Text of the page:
Environmental triggers and biological drives cleverly work in the clandestine shadows of the mind, dictating behavior; the actor is acted upon. Are we free to act or just puppets in a cruel game? Without dredging up ancient homunculus arguments, at least on the level of conscious existence, we are free to choose. We have significant opportunities to achieve or fail. So wisely deciding when opportunity arises is essential. Wise decisions requires an intricate weaving of emotion and logic.
Unseen motivational forces have significant pull. We often act first, and cognitively justify the choice after it has been made. As humans, we proudly tout our self-governing abilities but many routinely sell our birthright of free-will for a mere bowl of porridge. Instead of exercising our freedom, acting to achieve intentions, we often settle to be acted on by happenstances.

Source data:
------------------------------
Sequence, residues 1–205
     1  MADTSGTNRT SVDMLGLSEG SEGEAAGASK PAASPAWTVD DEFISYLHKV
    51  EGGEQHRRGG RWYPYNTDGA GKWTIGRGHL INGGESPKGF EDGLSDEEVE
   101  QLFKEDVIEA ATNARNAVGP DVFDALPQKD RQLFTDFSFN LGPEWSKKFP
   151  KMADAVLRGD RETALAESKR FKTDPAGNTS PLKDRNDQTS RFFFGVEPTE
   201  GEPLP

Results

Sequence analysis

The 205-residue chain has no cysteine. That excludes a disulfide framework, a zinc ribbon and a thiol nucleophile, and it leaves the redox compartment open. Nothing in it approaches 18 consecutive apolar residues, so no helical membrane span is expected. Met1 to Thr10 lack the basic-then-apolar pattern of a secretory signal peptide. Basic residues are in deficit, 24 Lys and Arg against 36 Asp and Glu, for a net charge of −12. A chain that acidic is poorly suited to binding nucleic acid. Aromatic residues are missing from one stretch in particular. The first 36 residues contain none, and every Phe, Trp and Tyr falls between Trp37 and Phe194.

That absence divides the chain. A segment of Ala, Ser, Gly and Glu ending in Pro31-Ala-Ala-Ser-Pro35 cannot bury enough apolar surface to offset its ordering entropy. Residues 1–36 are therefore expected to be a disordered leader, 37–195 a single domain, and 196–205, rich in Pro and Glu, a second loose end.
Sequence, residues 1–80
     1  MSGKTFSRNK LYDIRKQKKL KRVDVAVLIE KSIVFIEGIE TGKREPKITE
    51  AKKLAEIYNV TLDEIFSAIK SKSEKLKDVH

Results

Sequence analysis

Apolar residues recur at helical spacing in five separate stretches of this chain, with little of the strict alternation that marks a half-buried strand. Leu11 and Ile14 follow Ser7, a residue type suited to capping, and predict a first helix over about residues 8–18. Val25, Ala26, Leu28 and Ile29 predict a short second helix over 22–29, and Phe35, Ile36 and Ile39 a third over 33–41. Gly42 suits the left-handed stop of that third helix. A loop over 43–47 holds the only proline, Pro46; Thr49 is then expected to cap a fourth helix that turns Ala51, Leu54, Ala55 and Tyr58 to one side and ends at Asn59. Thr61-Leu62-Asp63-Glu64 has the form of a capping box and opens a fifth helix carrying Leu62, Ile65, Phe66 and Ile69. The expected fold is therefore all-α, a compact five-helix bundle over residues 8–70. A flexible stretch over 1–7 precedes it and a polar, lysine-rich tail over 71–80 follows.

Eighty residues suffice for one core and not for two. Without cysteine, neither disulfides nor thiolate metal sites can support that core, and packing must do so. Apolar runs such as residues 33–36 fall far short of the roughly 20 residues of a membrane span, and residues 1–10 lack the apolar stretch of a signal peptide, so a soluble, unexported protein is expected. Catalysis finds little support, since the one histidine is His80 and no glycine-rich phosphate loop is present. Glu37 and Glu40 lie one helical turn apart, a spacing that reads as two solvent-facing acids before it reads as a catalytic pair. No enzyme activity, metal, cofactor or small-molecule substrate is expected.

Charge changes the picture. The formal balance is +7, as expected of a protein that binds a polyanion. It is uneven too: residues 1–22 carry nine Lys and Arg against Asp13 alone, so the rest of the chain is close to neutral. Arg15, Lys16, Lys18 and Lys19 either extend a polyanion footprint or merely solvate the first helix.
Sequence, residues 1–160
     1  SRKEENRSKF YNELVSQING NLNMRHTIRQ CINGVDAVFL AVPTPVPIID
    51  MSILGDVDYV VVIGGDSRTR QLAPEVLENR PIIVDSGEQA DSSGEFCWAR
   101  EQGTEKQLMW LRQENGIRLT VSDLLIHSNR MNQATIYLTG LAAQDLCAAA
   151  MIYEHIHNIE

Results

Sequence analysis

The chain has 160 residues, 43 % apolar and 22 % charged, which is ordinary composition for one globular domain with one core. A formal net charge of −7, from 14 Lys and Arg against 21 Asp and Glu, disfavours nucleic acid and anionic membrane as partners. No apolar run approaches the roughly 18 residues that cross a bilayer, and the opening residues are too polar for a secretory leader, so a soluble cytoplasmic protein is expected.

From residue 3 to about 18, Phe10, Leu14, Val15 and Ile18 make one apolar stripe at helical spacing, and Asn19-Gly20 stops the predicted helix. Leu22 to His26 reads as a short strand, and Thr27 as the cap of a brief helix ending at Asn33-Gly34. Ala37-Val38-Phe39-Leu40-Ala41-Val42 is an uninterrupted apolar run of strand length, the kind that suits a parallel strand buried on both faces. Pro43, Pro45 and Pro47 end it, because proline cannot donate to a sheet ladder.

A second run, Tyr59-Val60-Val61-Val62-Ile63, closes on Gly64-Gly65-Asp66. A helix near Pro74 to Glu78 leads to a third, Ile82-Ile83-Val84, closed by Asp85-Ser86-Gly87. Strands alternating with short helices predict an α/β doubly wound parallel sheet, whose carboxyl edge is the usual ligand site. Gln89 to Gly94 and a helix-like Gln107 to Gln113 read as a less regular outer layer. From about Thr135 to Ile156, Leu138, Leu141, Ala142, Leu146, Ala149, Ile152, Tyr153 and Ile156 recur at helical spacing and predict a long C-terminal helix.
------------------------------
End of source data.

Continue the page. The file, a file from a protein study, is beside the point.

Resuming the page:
Creating Space Between Impulse and Action
Our mind interprets our compulsive responses congratulating or chastising our ego for the wisdom or stupidness. Through smooth deceptions, self-righteous justifications, and lack of awareness, we explain away chaotic future-destroying action as appropriate or unavoidable. To change habitual bouts of self-destruction, we must recognize our wayward drifts and make corrections. Our best tool to achieve this noble aspiration is putting on the mental brakes, slowing down habitual reactions, and making space for the cognitive brain to join the party. In Dialectic Behavior Therapy, we refer to this as using our wise mind.
Rollo May wrote, “freedom is the capacity to pause in the face of stimuli from many directions at once and, in this pause, to throw one’s weight toward this response rather than that one” (2012, p. 54).
Evolution has compassionately introduced a buffer between the environment, inner urges and our responding behavior. Consciousness enables those, who effectively call upon it, the power to disengage from blind driving forces and introduce a collection of helpful knowledge, conveniently stored in memory.
Emotions and Wise Decisions
Emotions are necessary in the decision process. Many suggest problem solving is a cognitive function, and we should leave our emotions at home.